When Wild Beasts gave us Limbo, Panto in 2008, its earnest theatricality immediately set the Kendal quartet apart from their indie rock contemporaries. Deploying the contrast of two vocalists (Hayden Thorpe’s coarse falsetto and Tom Fleming’s more standard register) and drawing from the vaudeville and the picaresque, Limbo, Panto described life (and sex) in the North-West with characteristically flamboyant panache. Thorpe crooned in ‘Woebegone Wanderers’: ‘Unstable stands a-flush with fans, pilfered piles and pints in wobbly hands,’ while whispering on ‘She Purred, while I Grrred’ that ‘her fruit was ripe, I bit, I’m nothing more than a humble mongrel, whipped cast, rash and unabashed.’ Follow-up Two Dancers upheld this lyrical ingenuity, but toned down the melodramatic excesses of its predecessor to great critical accolade, including a Mercury Prize nomination. But in so doing – to this reviewer at least – it showed signs of losing the singular aesthetic of the debut.
Smother, I fear, continues this trend. Wild Beasts’ fascinating exploration of fragile masculinity is still present, but the lyricism is far more conventional – no more depictions of the bar fights as ‘bovver boot ballets’. The record features cleaner production, and sparser instrumentation, but ultimately this allows for a far more atmospheric record, and leaves greater room for Thorpe’s still striking vocal ability. Smother is the product of a greater maturity, and the grooves, though darker, are often just as undeniable.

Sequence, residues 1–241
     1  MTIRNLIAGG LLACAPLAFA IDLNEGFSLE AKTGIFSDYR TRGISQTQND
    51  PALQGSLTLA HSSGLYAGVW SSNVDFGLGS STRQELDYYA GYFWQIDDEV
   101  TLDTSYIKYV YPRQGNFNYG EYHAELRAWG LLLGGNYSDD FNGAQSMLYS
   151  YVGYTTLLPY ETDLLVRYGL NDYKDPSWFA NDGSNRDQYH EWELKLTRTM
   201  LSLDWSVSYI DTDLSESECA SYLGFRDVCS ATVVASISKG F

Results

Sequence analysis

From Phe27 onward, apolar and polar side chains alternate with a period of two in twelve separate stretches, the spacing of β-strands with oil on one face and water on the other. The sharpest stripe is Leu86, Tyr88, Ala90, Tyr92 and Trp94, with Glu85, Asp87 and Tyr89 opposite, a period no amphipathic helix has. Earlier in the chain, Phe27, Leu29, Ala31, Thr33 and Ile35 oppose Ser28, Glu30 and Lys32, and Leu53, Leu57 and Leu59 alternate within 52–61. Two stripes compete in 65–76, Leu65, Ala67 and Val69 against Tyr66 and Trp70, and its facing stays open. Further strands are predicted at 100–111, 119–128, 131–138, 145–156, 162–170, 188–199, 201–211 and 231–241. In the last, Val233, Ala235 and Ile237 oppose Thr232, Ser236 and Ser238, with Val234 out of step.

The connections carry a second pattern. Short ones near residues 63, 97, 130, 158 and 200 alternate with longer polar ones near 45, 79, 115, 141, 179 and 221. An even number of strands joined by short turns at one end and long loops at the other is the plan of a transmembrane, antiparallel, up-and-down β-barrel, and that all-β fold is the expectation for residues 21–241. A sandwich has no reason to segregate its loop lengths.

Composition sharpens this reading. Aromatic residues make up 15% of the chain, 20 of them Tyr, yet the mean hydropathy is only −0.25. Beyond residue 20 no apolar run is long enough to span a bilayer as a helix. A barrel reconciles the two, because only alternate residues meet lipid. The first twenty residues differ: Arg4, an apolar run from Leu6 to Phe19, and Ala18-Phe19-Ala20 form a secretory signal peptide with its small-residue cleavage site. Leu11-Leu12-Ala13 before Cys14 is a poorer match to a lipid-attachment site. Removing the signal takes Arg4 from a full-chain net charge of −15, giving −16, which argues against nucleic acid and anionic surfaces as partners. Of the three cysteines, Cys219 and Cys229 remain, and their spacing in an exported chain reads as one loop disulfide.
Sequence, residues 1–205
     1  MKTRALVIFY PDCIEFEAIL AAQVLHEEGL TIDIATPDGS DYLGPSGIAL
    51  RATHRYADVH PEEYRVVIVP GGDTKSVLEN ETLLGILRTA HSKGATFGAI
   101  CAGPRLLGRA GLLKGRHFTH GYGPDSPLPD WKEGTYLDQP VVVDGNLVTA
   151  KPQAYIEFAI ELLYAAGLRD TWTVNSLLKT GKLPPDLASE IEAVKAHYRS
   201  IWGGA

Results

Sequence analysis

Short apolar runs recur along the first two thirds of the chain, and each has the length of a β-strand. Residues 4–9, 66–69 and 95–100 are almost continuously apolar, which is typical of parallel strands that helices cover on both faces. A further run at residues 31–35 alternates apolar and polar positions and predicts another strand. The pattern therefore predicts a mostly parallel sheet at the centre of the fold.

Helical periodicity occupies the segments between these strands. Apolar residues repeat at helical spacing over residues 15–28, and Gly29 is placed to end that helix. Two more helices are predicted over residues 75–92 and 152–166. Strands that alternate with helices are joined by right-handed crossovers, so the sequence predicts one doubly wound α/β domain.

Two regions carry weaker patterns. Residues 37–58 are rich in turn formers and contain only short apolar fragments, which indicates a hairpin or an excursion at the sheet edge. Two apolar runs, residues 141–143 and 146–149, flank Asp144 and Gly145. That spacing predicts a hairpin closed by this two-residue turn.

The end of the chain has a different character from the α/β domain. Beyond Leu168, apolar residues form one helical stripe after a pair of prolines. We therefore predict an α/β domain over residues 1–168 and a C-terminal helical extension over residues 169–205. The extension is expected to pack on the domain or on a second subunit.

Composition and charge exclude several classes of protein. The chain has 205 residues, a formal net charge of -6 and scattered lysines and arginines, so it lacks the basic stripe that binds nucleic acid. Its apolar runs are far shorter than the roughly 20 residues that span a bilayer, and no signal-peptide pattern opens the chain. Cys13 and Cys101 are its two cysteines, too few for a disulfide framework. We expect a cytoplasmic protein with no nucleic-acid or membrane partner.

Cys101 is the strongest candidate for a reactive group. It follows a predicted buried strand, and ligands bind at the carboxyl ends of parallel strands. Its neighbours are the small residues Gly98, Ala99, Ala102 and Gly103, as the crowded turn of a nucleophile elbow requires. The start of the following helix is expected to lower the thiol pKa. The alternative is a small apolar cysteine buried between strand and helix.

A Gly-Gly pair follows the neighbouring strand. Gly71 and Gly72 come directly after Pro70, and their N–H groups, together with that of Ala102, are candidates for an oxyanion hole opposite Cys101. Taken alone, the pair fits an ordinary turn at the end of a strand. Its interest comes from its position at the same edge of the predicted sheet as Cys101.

‘Lion’s Share’ couples Thorpe’s haunting voice with a sinister piano backing, while the masterful ‘Bed of Nails’ conveys a sense of unfulfilled lust with stalking bass and shuffling drums. In ‘Burning’, Fleming’s shaky, despairing vocals gradually sink into the mix until they are enveloped by a growing wall of sound. Whether or not one applauds the jettisoning of youthful extravagance for greater sobriety, Smother must be commended as another excellent release from the ever-impressive Wild Beasts.